Spiritism helps us to comprehend our gradual development of intelligence and moral capacity, and it shows us how all our experiences contribute to this education and growth. As such, we know that along our journey, we make choices and, consequently, the results of those choices become part of our learning process. We learn how reincarnation facilitates our progress by allowing us opportunity after opportunity to learn at our own, self-directed pace. And from countless communications from spirits at all different degrees of advancement, we have testimonies that help us to learn from both the mistakes of some and the motivational examples and wisdom of others. 

Through literature that has helped us to envision the interactive nature of the spiritual and material realms, we’ve learned, among many important teachings, about so many ways in which discarnate beings help and support us in the struggles of material life. Most importantly, suffering takes on new meaning under the light of Spiritist principles. Though we may still struggle to embrace our challenges, disappointments, and pains, from Spiritism we understand their role in helping direct us toward the true happiness we are all destined to achieve.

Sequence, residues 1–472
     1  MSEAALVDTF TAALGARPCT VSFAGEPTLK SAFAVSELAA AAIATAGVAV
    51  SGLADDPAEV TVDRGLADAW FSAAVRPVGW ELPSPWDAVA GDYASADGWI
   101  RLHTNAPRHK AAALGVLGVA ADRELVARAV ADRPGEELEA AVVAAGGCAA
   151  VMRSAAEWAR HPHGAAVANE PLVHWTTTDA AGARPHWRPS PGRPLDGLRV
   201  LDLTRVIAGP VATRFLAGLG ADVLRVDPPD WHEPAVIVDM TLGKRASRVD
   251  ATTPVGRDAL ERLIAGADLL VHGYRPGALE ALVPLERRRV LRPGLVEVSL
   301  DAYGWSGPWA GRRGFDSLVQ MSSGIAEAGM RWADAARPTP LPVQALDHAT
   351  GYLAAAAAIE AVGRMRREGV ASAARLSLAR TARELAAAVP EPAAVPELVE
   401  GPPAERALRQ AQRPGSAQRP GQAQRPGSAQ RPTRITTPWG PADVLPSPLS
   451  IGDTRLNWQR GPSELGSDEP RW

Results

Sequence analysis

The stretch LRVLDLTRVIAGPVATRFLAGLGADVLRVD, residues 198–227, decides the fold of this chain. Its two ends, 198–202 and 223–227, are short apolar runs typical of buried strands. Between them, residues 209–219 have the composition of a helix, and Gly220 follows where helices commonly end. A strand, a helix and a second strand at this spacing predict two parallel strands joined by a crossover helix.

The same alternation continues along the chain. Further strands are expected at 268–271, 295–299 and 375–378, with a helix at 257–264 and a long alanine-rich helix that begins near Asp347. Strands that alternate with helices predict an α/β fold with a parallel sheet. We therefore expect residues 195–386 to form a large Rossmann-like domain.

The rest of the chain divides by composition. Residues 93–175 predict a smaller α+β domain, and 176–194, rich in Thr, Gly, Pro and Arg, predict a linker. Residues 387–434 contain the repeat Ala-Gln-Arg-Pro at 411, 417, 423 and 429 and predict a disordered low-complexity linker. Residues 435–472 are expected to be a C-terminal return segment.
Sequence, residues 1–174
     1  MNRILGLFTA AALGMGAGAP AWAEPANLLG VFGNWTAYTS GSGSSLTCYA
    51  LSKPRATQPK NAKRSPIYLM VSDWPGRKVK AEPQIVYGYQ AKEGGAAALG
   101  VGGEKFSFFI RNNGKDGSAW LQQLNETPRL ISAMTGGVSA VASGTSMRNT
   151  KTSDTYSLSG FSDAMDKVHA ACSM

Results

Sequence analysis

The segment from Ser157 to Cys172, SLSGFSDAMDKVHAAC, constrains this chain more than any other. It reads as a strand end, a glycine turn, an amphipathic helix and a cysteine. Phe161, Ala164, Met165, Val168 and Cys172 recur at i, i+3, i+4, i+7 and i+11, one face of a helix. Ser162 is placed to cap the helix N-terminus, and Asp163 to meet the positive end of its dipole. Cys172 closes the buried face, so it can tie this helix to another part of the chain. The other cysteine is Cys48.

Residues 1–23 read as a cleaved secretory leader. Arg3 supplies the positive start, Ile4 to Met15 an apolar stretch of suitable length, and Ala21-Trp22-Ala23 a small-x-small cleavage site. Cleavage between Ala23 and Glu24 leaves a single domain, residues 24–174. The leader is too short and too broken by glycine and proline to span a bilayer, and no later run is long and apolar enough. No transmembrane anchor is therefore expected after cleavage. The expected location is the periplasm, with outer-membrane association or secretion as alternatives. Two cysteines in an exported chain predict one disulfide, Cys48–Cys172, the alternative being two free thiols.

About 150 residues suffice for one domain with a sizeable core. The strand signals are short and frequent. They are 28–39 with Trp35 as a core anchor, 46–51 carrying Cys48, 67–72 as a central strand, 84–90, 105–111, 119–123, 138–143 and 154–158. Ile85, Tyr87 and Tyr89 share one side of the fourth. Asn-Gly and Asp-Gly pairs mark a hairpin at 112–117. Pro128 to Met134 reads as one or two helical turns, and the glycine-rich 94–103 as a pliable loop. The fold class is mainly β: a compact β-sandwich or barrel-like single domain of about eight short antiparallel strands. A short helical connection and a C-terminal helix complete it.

Having stated the above, when one thinks about being “punished by God” or “paying for something one has done”, what comes to mind (or what could, in isolation, come to mind) may be something totally different from an understanding of learning, accountability, the compassionate justice of our creator, and the natural laws that govern life.  That wording may tend to make us envision an act of revenge or retaliation of some sort, as if an “angry” God were still settling scores. If Jesus came to teach us about God’s love and eradicate this kind characterization of God, then the spirits have explained Jesus’ message with information that deepens our understanding of God’s perfect nature.